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Head First Java RMI Universal Service Browser Question

 
Bob Nedwor
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Has anyone seen the "Universal Service Browser" project in K&B's Head First Java book on p.636 (2nd Edition)? I am able to get it to work, but I need to have some classes on both the server machine and the client machine and I don't think this is right. For example, if I don't have the MiniMusicService.class on the server machine, then I can't compile the ServiceServerImpl class without getting: "NoClassDefFoundError: MiniMusicService..."

Futhermore, I need to have it on the client machine, or else when I run the ServiceBrowser and select that service, the app errors out with: "MiniMusicService (no security manager: RMI class loader disabled)"

Thanks for any hints, because the book isn't entirely clear on which classes go on the server and which ones go on the client.
 
Nathan Pruett
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I haven't seen the project you're asking about, but I can give some pointers about RMI in general...

For example, if I don't have the MiniMusicService.class on the server machine, then I can't compile the ServiceServerImpl class without getting: "NoClassDefFoundError: MiniMusicService..."


You don't need to really think about the "client/server" distinction while compiling... only at runtime. When compiling the implementation class, the interface class has to be present - There's nothing specific to RMI about this, just general Java compilation/classpath stuff.

Futhermore, I need to have it on the client machine, or else when I run the ServiceBrowser and select that service, the app errors out with: "MiniMusicService (no security manager: RMI class loader disabled)"


Here there may be some issues... in old (pre-1.5) days, you could go one of two ways - either package your client with the interface and the stub, or use RMI dynamic classloading (and define a security policy,etc.) to dynamically download classes as they are needed. In 1.5 dynamic RMI stub generation was added - so now I guess you only need to package your interface with your client and the stub gets generated automatically (or you could go the RMI dynamic classloading, security policy, etc. path.)

So, if you're using 1.5, the client needs the client code and the interface. The server needs the server implementations and the interface. If you're using pre-1.5, the client needs the client code, the interface and the stubs. The server needs the server implementations and the interface (and if you are *way* pre-1.5 the server needs the skeleton, too... but that's really ancient...)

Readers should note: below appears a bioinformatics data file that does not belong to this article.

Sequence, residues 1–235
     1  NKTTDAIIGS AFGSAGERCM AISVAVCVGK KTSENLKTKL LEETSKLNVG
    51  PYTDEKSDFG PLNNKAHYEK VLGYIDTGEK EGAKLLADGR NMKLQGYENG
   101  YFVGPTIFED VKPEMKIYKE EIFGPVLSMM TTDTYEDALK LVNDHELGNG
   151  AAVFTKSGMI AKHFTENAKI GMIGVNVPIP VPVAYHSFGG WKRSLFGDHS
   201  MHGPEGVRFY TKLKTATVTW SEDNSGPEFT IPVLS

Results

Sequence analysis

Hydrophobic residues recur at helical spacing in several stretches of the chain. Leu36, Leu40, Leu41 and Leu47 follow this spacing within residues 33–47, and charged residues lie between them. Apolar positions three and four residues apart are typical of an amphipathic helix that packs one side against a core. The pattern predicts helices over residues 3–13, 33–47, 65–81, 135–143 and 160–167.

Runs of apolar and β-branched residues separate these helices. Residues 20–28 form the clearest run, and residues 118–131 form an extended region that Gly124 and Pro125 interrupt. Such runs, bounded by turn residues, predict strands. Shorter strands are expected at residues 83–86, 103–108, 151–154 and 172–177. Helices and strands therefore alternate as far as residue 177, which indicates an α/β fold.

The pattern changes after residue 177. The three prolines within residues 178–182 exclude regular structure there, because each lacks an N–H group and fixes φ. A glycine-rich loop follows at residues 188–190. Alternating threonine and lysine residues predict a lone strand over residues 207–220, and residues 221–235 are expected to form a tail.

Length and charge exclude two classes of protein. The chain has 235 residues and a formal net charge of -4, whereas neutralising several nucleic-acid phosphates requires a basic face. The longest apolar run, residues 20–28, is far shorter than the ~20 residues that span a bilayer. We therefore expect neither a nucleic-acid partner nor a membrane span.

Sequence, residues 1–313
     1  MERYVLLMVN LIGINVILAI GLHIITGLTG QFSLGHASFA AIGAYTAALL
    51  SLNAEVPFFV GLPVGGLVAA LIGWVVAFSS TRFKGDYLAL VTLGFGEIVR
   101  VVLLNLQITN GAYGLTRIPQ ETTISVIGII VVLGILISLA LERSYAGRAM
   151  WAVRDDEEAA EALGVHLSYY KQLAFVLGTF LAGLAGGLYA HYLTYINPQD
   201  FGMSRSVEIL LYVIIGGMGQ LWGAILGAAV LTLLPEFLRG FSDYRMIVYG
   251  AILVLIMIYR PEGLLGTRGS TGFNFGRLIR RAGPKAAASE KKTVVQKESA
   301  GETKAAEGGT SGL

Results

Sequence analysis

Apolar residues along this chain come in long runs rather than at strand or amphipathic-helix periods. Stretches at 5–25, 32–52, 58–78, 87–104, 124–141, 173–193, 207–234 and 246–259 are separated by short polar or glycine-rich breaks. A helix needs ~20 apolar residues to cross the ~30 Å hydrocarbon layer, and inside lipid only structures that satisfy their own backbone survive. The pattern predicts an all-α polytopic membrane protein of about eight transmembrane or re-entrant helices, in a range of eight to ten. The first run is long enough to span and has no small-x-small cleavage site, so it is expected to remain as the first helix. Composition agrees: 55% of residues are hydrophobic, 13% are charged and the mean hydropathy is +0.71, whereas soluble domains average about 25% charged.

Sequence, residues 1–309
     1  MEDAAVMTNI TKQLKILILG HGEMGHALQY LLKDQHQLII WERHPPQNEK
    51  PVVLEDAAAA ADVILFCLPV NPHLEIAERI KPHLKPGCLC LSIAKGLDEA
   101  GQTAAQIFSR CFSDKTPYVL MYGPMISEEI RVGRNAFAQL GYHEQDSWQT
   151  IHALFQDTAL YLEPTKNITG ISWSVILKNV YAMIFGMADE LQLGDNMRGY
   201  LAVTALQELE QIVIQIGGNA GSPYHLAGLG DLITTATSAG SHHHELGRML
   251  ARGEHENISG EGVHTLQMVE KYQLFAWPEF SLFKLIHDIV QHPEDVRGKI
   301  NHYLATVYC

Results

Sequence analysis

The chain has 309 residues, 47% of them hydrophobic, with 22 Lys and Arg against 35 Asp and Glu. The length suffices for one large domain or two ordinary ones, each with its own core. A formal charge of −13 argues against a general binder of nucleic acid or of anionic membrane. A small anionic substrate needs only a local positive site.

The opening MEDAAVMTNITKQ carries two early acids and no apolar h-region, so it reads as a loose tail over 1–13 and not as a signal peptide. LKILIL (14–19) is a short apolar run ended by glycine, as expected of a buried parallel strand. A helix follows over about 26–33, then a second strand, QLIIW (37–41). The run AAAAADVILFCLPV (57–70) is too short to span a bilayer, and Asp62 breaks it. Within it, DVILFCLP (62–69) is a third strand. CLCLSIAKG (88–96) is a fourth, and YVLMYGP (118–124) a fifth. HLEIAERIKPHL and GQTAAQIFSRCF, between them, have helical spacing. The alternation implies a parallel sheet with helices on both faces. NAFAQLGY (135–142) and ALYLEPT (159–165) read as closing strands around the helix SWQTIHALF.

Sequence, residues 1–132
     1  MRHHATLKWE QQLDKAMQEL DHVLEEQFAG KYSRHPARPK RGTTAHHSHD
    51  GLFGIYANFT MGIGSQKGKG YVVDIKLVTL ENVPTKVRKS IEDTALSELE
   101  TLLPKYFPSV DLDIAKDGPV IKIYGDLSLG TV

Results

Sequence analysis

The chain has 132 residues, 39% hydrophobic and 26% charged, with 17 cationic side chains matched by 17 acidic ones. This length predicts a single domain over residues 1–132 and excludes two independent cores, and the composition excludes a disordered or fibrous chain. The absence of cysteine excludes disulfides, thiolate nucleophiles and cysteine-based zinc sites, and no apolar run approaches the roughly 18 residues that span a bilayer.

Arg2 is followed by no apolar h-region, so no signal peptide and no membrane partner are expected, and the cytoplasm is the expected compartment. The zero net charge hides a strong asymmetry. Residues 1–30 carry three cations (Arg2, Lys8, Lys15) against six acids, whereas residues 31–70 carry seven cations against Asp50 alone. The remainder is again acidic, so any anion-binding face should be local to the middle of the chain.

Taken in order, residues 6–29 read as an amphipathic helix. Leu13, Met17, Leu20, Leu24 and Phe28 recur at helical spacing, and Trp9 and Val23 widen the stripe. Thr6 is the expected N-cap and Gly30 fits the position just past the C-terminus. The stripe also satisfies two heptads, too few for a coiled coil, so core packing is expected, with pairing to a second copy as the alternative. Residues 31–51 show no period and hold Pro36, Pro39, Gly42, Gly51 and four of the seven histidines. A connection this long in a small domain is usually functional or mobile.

Bob Nedwor
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Nate:
Thanks for the explanation. I am using 1.5 on both machines.

I think I need to study the whole RMI concept a little bit better. This is only the 2nd example in the book and there are about six different source files in this example. No skeletons files, but a _stub file is generated, which I know needs to get copied over to the client side.

I just need to get my feet wet in RMI more. It wasn't expected in the SCJP exam, but I am going to need it for SCJD.

Could part of the problem be that when I tried to run it all on the client machine first, just to make sure I had everything working, I ran "rmic" and "rmiregistry," and those are now interfering with what should really be happening on the client side?

--Bob, "the rmi newbie"
 
Nathan Pruett
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rmic is the "RMI Compiler" - this is run at compile time, and produces the stub from your RMI interface. You really only need to run this when you compile your code.

rmiregistry is the "RMI Naming Service" - basically, think about this like a hashmap that clients can look in to get a stub to a service. A RMI server uses Naming.rebind() to add itself to the registry with a specific name, and then clients can use Naming.lookup() with the same name and get a stub to that service. You should only have to run rmiregistry on your server machine.

There's an RMI tutorial on JGuru that covers some of this in more detail - go to the section labeled "RMI Architecture" to get a description of the "interface/implementation/stub" stuff, and the section called "Naming Remote Objects" to get some info on how what the RMI registry does.

Have fun!
 
Allion Salvador
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Well, I think that all the examples in the book (the big projects), just show you all the classes with different import statements. I tried it out by putting the whole caboodle into one source code file, with the services classes with default access levels, and I put the client code in a different file. If this helps, send me a message!
:-)
 
Bob Nedwor
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Thanks Nate and Allion.

That helps a little. I will definitely check out the link to learn more about RMI.

I usually try to follow the format of examples in the book as closely as possible and each time I see an import statement, I assume we are supposed to start an source file. I don't think the intent in this particular exercise was to group things all together. Good Job getting it to work that way, though.
 
Allion Salvador
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MOOOOOOO

Well, this doesn't do much, does it?!
Don't mention it! I'm only 11 years old!
 
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